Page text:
Are social grants a threat to fiscal sustainability?

The recent global economic crisis once again demonstrated that macroeconomic shocks can cause large and unforeseen losses that are unevenly distributed across the population. As the social grants and security system is one key dimension of individual and social well-being in South Africa, its effectiveness and equity is essential for improving social welfare. But does this pose a risk to the country’s fiscal sustainability, ask Ramos Mabugu and Margaret Chitiga-Mabugu.

Social welfare can be regarded as risk sharing, as it has the potential to prevent a group or class of people from falling behind the mainstream and from being unable to participate in the market economy. In this way it presents an insurance against risk (i.e. sickness, unemployment, and so forth). Social spending can also enhance productivity and human capital through spending on education, health and nutrition. However, while risk sharing embedded in social grants is highly desirable, some risk-sharing arrangements may have an economic cost by undermining people’s incentives to work, save or invest. Indeed, many people have a negative perception of grants, believing that grants create dependency and perverse incentives.

Balancing fiscal and political sustainability

Any fiscal system has to strike a balance between fiscal and political sustainability. South Africa’s fiscal system can therefore not only be judged on its fiscal outcomes, but also on its constitutional obligation to further the progressive realisation of socioeconomic rights, especially in the case of children and the dignity of the elderly. The system has to deliver on both these outcomes, giving tangible expression to the transformative vision of the country’s constitution.

In an economic situation where funding has become very scarce, the question is whether the government is making the best use of its money to achieve poverty alleviation, social inclusion and stability. In this article we present new analysis on these issues based on systematic, economy-wide projections that offer a vantage point from which to weigh-in on evidence-based versus ideological reactions to social grants. We examine how various macroeconomic risks have been shared within the economy, and suggest reforms to improve risk-sharing and make it more economically efficient.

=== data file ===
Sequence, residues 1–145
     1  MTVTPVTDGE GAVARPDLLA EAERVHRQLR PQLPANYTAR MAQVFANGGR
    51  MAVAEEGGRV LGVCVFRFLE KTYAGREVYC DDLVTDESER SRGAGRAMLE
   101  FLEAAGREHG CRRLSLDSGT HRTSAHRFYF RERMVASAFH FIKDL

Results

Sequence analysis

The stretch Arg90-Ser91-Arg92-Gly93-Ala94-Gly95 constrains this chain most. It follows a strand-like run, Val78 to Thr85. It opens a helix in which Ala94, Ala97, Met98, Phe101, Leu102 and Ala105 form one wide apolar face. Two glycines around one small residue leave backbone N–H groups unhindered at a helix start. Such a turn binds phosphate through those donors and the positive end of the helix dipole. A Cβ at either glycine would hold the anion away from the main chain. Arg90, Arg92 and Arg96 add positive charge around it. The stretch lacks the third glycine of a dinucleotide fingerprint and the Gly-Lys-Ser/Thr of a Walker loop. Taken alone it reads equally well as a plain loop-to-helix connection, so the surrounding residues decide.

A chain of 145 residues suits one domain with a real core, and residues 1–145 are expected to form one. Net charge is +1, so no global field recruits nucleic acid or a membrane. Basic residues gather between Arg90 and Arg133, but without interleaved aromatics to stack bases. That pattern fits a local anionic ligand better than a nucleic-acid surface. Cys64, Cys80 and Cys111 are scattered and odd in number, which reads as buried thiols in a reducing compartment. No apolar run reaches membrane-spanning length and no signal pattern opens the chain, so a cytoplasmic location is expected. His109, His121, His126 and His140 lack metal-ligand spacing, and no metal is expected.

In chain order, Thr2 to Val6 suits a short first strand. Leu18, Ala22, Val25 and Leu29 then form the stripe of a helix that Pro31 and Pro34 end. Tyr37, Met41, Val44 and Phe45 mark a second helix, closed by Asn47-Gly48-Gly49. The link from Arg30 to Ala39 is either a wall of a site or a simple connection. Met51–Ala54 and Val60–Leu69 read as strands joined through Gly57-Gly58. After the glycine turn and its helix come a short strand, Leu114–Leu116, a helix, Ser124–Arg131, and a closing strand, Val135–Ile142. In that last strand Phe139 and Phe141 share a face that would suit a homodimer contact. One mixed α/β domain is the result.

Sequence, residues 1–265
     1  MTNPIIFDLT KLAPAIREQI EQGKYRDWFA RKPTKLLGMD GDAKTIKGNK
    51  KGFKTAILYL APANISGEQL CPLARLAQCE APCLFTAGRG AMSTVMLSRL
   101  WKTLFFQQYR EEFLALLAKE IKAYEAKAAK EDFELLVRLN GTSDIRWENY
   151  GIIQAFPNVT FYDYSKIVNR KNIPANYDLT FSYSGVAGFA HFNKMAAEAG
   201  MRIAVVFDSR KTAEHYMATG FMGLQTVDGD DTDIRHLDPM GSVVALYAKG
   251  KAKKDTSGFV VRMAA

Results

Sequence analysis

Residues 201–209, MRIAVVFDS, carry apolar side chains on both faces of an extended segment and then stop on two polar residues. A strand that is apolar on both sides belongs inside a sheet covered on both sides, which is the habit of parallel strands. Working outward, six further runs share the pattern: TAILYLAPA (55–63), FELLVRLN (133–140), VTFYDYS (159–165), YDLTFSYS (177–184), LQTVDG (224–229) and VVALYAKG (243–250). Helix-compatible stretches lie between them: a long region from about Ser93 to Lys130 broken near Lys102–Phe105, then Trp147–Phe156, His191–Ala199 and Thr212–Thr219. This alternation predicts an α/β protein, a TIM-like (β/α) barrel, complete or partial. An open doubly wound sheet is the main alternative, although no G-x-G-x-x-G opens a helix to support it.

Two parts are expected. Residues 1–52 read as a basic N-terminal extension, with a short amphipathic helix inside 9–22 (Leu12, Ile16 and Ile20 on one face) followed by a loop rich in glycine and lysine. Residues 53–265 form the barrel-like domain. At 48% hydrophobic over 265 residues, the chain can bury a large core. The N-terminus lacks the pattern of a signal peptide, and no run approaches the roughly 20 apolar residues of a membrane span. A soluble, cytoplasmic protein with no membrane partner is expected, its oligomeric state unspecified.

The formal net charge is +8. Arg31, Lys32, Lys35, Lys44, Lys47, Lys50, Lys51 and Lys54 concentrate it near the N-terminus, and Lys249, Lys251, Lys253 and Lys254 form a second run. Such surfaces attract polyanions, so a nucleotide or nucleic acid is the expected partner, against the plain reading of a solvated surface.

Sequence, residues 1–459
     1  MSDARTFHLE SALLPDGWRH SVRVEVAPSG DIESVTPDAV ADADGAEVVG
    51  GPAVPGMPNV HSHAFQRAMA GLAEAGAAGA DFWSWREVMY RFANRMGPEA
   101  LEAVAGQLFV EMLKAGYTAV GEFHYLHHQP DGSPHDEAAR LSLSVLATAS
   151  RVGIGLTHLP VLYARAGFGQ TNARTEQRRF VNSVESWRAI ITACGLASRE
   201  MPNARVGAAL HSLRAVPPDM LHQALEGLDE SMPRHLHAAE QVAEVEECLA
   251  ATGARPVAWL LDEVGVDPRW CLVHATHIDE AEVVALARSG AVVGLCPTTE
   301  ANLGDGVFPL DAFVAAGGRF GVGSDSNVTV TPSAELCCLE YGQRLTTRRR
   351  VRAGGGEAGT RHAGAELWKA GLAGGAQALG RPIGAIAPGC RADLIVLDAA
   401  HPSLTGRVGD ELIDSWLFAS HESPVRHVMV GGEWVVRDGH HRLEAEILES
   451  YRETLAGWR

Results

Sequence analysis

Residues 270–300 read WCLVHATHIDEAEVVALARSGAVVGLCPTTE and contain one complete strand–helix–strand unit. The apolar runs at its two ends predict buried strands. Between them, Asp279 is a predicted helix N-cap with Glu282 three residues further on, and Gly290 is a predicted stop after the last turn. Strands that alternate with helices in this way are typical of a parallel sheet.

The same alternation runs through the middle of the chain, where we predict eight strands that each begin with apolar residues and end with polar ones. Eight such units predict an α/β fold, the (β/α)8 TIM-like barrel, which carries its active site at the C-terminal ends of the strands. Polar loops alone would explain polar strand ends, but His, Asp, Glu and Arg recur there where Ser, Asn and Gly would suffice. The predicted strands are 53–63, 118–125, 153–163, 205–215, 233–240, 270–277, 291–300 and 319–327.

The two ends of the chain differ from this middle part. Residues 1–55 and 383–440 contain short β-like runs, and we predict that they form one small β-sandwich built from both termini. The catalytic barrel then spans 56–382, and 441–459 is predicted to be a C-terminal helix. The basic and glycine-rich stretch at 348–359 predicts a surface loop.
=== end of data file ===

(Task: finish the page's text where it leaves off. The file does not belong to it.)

Concern about the sustainability of the social grant system is at this stage unfounded.
 
Social grant spending is an investment in human capital, underpinning future inclusive growth.

Key findings

The main insights into the magnitude of the impact associated with social grants in South Africa and the extent of fragility in terms of poverty levels and well-being are:

  • There is merit to the underlying concern about the lack of growth, need for more job creation and productivity enhancement expressed by many commentators, since these are the ultimate determinants of fiscal sustainability in any economy. Broadening the tax base through increased participation in employment and other sustainable livelihoods is absolutely critical.
  • However, our research indicates that concern about the sustainability of the social grant system is at this stage unfounded, as the grant system is currently not a threat to fiscal sustainability. The growth in social grants spending has been driven by (a) changes in policy (such as increases in age of eligibility and the value of the grant over time) and (b) growing take-up rates among eligible populations. Given no foreseeable policy changes and as the pool of non-registered but eligible beneficiaries declines, this growth is expected to stabilise and is unlikely to accelerate to the same extent in coming years. Discounting for inflation and taking into account the lower than anticipated population growth projections implied by the 2011 Census affirms this trend.